[Puerco] Al Pastor—This was the faux version [not cooked on a spit] of al pastor. Fairly moist pork squiglets were seasoned with onion, chile powder, and a strong citrus note, which provided the traditional sweet, savory, and tart components of this dish. A decent, but not thrilling, version.

Lengua [tongue]—This was not stewed; rather, the lengua was cut into tiny little cubes of meat that were browned in a skillet until almost crispy. Soft onion slices had also been cooked with the lengua. Although a bit on the dry side, this was not bad. Because this filling was not as good as the others, however, I probably wouldn’t re-order it.

Chorizo and egg—There was not as much chorizo as I’d like in this taco. I'd say that it was about half egg and half chorizo, but fortunately the chorizo itself was very flavorful. Their Mexican sausage was salty, spicy, with less of a vinegar kick than some varieties, but still savory rather than sweet. I want to know her source for this, too, though she just might make it herself. The egg was scrambled medium-hard, not soft-scrambled. This was, however, the only breakfast taco that featured eggs that had been truly scrambled. Only moderately greasy, this chorizo-and-egg taco was quite good.

Potato and egg—This was just delicious. Oh god, I’m fantasizing about this taco even as I type this. What’s interesting is that the filling was faintly spicy on its own, which suggests that a touch of chile was added to the egg, though none was visible. In this case, the egg was fried and then broken up in the taco, rather than scrambled. But the small chunks of potato were heavenly. No skins, totally unbrowned—they were softly seductive, with a lovely flavor that made me wonder if they had been cooked in some bacon grease or lard. Potato-and-egg tacos are usually so bland without salsa, but this one was good on its own. It was also quite good with the red salsa.

Bean and egg—Now these were some good beans. Finally! Rich, smoky depth of flavor and a texture that was well-mashed but not too smooth. These are what refried beans should taste like when they’ve been fried in bacon grease. The egg-to-bean ratio was about half and half, with slightly more egg than beans. The egg, again, was simply stirred-up fried egg. The beans might seem bland to some, so add salsa if you’re looking for spice. For bean purists, however, this will taste oh-so-good on its own. In fact, I was sorry that I'd asked for the egg in the first place.

Bacon and egg—This was very nice. Scrumptious, I think you’ll like this taco if you haven’t tried it yet, although the small bacon pieces are fried to almost just-crisp. The bacon is smoky, meaty, and delicious, and there’s lots of it. The egg, again, is fried on one side, then broken up, rather than scrambled. I could have eaten three more of these, easy.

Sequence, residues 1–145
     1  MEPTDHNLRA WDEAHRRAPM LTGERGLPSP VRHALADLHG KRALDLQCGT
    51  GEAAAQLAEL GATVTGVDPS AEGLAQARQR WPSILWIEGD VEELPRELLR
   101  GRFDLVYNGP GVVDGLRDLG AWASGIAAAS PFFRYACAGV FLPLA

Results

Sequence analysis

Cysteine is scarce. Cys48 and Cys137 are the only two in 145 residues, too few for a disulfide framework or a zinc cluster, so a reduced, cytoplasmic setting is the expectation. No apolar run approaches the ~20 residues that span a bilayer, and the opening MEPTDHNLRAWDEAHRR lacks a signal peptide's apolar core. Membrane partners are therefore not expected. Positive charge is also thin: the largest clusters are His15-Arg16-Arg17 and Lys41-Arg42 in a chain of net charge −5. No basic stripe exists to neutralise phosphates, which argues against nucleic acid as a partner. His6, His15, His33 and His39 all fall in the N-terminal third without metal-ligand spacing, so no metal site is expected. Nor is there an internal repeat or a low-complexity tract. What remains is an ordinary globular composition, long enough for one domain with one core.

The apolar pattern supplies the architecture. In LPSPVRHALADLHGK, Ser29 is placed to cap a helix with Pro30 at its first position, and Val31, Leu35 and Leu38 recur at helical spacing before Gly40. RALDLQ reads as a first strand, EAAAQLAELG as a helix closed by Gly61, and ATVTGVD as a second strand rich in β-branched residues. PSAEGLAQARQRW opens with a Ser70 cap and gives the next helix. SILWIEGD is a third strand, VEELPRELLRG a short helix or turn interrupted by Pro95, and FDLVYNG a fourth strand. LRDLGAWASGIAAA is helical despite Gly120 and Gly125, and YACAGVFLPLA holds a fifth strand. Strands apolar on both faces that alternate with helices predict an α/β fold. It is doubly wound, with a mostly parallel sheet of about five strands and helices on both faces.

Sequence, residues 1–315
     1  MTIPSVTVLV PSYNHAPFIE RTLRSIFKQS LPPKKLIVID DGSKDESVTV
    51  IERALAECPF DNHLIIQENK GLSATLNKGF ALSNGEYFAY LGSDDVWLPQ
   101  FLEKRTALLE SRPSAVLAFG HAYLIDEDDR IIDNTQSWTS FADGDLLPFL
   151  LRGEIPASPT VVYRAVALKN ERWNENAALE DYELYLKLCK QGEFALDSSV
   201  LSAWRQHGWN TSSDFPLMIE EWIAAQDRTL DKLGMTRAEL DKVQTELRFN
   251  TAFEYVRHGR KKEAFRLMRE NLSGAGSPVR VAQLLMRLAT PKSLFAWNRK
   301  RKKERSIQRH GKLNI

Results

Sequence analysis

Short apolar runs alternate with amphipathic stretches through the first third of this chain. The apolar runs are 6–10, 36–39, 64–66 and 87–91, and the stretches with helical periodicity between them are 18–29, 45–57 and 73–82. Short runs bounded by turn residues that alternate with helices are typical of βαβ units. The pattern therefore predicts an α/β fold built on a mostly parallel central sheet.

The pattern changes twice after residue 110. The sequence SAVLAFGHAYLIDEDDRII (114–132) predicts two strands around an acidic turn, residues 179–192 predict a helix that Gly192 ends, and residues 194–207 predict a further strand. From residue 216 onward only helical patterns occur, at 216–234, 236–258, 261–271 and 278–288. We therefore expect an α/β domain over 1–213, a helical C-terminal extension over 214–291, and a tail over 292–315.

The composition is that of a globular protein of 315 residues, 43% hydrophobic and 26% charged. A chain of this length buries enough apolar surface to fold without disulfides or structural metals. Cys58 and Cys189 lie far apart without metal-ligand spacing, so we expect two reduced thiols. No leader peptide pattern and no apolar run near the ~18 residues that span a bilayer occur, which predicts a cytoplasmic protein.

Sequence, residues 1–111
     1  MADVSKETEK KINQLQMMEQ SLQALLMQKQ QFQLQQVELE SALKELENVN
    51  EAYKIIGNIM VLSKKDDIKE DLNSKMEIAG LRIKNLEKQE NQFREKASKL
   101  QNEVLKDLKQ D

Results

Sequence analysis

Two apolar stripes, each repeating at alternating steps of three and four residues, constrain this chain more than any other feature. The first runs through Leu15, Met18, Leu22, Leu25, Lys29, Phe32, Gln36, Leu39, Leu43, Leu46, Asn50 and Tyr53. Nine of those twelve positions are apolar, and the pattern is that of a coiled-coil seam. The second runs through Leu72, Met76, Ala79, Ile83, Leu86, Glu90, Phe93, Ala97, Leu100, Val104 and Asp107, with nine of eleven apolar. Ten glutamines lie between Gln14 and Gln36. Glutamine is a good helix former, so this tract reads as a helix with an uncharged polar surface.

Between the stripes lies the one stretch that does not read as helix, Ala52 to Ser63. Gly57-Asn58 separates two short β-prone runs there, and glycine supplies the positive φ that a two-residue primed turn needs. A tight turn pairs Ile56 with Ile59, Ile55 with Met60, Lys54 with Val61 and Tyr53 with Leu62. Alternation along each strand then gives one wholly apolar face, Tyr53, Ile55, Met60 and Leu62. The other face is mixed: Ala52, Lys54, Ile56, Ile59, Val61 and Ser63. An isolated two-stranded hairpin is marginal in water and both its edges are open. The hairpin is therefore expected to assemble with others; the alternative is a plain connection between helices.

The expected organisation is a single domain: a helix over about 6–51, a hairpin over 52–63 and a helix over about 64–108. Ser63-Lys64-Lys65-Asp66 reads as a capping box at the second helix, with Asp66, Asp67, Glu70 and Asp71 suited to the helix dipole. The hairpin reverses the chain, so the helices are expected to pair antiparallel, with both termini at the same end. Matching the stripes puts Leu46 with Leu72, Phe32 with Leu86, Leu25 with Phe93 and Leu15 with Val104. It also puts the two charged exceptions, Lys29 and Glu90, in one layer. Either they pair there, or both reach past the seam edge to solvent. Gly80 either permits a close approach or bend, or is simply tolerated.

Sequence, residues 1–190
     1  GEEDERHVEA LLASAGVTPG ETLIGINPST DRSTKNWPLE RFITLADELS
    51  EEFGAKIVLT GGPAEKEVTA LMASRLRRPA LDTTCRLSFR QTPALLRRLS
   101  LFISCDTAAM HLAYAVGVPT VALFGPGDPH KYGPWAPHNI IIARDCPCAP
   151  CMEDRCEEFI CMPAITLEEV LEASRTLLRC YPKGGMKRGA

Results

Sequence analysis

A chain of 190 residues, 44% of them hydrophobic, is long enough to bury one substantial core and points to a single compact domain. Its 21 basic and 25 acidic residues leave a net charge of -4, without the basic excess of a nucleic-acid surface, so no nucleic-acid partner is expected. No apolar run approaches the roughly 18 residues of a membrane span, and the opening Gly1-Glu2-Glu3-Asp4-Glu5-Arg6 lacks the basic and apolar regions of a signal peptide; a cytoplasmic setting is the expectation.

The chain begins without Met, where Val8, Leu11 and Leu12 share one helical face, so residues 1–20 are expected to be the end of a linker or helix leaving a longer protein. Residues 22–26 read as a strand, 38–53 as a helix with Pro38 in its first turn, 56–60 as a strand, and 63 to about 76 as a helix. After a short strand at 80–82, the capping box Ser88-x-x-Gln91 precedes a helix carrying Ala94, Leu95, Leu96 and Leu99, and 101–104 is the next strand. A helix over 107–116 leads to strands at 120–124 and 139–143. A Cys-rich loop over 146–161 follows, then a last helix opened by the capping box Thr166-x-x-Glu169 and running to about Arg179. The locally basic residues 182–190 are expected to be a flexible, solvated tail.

Menudo—Wow! The menudo was the same deep red color as the salsa, but on its own, it was almost mild, or at most just faintly spicy. Though generously full of large pieces of the most beautiful honeycomb-tripe, almost all the grease had been skimmed off, giving this a clean taste. The pieces of tripe were irregularly sized and of different textures, some with bones, and were very tender from slow cooking. The dimension of corn noticeable in the broth suggested the addition of a touch of masa harina, though not enough to make the base stew- or chile-like in viscosity. El Rico’s version of menudo is different from many Tejano-Tex-Mex versions. It contained no Mexican oregano, no hominy. It wasn’t very spicy. And the broth was clear, as if it had been strained of any herbs used to flavor it. It tasted, however, like it was made with love. Just wonderful. Honestly, I could eat it every weekend. By the way, good menudo takes forever to cook, which is why most places only offer it on Saturday and Sunday. If a restaurant is offering it every day on their menu, then they’re probably not doing it right.

Everyone who placed an order while I was at El Rico ordered the menudo, too, even if they also got a couple of breakfast tacos. It’s obviously a big hit—with good cause. (Of course, many bad takes on menudo are nonetheless popular, like the one at Joe’s Bakery.) The small size, which I ordered, contains about 2/3 of a quart-sized container of stew. With it you get the usual condiments (a lime wedge, finely diced white onion and green chile, and a packet of salt), along with 5 homemade corn tortillas.

Overall, I thought this place not only produced delicious, well-executed chow but did so while paying attention to little things that enhanced the appeal of each dish. For example, all fillings that I sampled were well-seasoned enough to stand on their own. Almost nothing really needed salt, though to me egg-based tacos almost always could use a touch more. Stewed items and soups are slowly, coaxingly cooked and served with pride. The finest-quality ingredients are sought out and used. Her kitchen skills and attention to detail are great, too. Did you notice, scrumptious, how finely and uniformly minced the onion, cilantro and green chiles were that accompany some of the dishes? Anyone who thinks taco trucks only offer cheap, greasy fare, akin to crappy fast-food, should go to El Rico (or El Rinconsito). One experience will put the lie to this unfair assumption. This woman puts her heart and soul into each dish.

By the time I finished this report, I had covered all the fillings except fajitas, which are often the most boring things to order at a taco truck that doesn’t specialize in fajitas and grilled meats. It wouldn't surprise me, however, if theirs are good. There are also different ways to showcase these fillings that I have yet to try, such as in gorditas and flautas. Enchiladas and/or panbozos [like tortas] may have been on the menu, too.

El Rico is now one of my very favorite stops for great chow in Austin. In fact, I may have dreamed about their breakfast tacos last night. Needless to say, I will definitely return to try all of their delicious chow, over and over again.